In Roger Federer's words: 'I can forget about Masters Cup, I'm not playing well'


by   |  VIEW 3299
In Roger Federer's words: 'I can forget about Masters Cup, I'm not playing well'

Starting the season from the 30th position on the ATP list, the young Swiss Roger Federer was ready to chase big goals and seek the place in the top-10. Roger claimed the first ATP title in Milan in February and delivered three wins over the USA in the Davis Cup, finishing the month with the semi-final in Marseille and the final in Rotterdam, moving closer to the top-20 group and adding more points to his tally following the quarter-final run in Miami.

Unable to find his A-game on clay in the previous years, Federer reached the quarter-final in Monte Carlo and Roland Garros, his first at Majors that gave him boost ahead of grass swing that saw him scoring five wins in Halle and s-Hertogenbosch before making the second round at Wimbledon where he toppled the seven-time champion Pete Sampras in that memorable fourth round.

In the quarters, Federer lost to Tim Henman, struggling with a groin injury and playing only one match ahead of the US Open where he reached the fourth round. Seeking big points in the last couple of tournaments, Federer suffered a 7-6, 3-6, 6-2 defeat to Wayne Ferreira in the second round in Stuttgart, losing ground to the players ahead of him and almost squandering every chance to find himself at the Masters Cup in Sydney at the end of the season.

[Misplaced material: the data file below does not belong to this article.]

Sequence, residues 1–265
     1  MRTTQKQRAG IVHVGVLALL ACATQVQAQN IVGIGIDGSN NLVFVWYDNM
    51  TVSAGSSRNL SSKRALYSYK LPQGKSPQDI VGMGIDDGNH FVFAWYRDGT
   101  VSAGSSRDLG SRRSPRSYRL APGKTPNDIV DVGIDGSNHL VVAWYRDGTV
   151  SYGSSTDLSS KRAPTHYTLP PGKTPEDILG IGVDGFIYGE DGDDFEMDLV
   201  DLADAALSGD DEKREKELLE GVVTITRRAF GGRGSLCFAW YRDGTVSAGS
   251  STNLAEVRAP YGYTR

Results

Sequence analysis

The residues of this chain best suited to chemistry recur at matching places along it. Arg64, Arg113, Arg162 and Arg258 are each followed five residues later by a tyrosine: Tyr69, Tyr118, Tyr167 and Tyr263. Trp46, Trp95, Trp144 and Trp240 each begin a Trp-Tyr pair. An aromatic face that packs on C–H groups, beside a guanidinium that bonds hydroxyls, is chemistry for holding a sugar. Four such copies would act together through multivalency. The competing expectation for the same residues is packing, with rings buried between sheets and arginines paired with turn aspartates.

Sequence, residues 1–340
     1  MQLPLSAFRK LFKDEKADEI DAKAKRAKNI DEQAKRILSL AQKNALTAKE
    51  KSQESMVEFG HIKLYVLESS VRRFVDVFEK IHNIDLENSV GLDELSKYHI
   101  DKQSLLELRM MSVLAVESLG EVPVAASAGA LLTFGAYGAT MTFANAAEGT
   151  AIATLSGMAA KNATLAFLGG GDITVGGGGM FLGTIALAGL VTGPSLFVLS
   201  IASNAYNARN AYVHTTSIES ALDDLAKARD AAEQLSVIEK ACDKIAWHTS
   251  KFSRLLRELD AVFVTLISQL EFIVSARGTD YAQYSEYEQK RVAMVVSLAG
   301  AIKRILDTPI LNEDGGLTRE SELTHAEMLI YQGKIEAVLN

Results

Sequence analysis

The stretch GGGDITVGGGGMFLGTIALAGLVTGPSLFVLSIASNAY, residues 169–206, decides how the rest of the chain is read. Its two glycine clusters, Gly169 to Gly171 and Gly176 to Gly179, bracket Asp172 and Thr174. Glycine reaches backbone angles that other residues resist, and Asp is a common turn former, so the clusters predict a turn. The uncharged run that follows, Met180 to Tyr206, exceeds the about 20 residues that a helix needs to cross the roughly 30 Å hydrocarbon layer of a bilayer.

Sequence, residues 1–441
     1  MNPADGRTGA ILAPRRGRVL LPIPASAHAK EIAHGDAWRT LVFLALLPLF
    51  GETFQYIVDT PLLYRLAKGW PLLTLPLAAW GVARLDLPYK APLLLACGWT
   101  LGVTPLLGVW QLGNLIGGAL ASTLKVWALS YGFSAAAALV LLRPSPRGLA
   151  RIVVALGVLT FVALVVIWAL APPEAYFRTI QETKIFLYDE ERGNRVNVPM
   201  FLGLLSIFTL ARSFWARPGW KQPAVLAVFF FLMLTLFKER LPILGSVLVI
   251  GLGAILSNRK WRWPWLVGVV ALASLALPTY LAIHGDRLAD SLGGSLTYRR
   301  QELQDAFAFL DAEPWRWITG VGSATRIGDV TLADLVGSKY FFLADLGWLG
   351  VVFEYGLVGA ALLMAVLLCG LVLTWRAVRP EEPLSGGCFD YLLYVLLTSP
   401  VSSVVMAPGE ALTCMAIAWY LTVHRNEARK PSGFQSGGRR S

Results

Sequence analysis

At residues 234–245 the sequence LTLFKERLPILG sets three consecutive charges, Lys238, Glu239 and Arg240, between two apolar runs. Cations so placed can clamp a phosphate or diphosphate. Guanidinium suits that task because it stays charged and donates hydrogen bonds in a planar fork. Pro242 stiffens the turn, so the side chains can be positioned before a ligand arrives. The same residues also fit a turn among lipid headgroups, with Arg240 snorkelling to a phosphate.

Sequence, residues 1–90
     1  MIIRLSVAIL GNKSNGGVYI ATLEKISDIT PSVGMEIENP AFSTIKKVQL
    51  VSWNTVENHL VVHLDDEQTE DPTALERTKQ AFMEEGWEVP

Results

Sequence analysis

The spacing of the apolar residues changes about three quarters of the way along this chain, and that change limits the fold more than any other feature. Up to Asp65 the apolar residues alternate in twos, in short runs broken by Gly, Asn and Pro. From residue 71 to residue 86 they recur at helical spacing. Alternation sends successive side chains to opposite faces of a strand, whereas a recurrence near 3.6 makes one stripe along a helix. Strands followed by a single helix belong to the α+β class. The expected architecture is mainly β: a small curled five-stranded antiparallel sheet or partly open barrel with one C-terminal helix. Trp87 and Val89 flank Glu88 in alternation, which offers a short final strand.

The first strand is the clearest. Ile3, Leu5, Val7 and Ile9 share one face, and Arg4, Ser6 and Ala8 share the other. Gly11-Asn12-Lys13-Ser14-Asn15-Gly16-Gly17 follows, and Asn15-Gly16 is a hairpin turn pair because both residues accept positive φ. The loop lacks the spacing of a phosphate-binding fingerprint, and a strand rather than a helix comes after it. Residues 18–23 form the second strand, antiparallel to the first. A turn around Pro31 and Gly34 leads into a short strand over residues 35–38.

Wayne faced only two break points in the entire encounter, getting broken once in the second set before finding his best tennis again to dominate in the decider and leave shaky Roger behind. After the match, the Swiss said he lacks more time on the court after that groin injury, playing with low confidence in the last couple of months and not finding the rhythm in the crucial moments.

"From now on, I can probably stop talking about Sydney and the Masters Cup. If I'm playing that bad or can't pass the first round, why should I talk about Sydney? At the moment, I'm not playing well to get there and will just give my best in the next couple of events and see what happens.

Mentally, I don't feel very good at the moment, still fighting back from an injury that bothers me a little. Despite reaching the quarter-final in Vienna, I didn't feel I had the same level as before. When it gets tight, I'm not playing well.

Since Wimbledon, I played some six or seven matches; that's not a lot and I certainly needed more to find the rhythm again as I'm that type of guy. Everybody is talking about Sydney all the time; I try not to think about it when I'm on the court.

At the moment, I'm worried about my game because I feel I'm not serving well, I'm losing ground from the baseline and missing too many chances in the crucial moments. Things have been mostly negative recently."